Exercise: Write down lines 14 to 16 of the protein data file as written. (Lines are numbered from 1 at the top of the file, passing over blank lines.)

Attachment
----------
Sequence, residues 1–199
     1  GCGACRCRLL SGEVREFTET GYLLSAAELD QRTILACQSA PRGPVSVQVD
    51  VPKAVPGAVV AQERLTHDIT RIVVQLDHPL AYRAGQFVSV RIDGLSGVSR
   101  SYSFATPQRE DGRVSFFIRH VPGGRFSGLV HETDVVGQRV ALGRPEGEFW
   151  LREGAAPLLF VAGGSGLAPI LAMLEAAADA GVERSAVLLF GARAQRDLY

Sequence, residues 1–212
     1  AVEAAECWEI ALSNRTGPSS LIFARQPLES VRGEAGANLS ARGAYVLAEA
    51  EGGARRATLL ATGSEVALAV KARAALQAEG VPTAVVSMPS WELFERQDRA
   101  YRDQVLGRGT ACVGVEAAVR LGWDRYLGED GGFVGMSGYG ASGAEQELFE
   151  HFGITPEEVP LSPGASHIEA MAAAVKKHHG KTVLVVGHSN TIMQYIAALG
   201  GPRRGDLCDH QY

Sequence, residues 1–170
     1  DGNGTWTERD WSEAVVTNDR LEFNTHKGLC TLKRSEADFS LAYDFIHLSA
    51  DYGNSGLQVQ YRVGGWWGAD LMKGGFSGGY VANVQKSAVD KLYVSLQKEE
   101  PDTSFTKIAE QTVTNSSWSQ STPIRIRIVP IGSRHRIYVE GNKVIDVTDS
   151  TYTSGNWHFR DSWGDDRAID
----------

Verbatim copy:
    51  DYGNSGLQVQ YRVGGWWGAD LMKGGFSGGY VANVQKSAVD KLYVSLQKEE
   101  PDTSFTKIAE QTVTNSSWSQ STPIRIRIVP IGSRHRIYVE GNKVIDVTDS
   151  TYTSGNWHFR DSWGDDRAID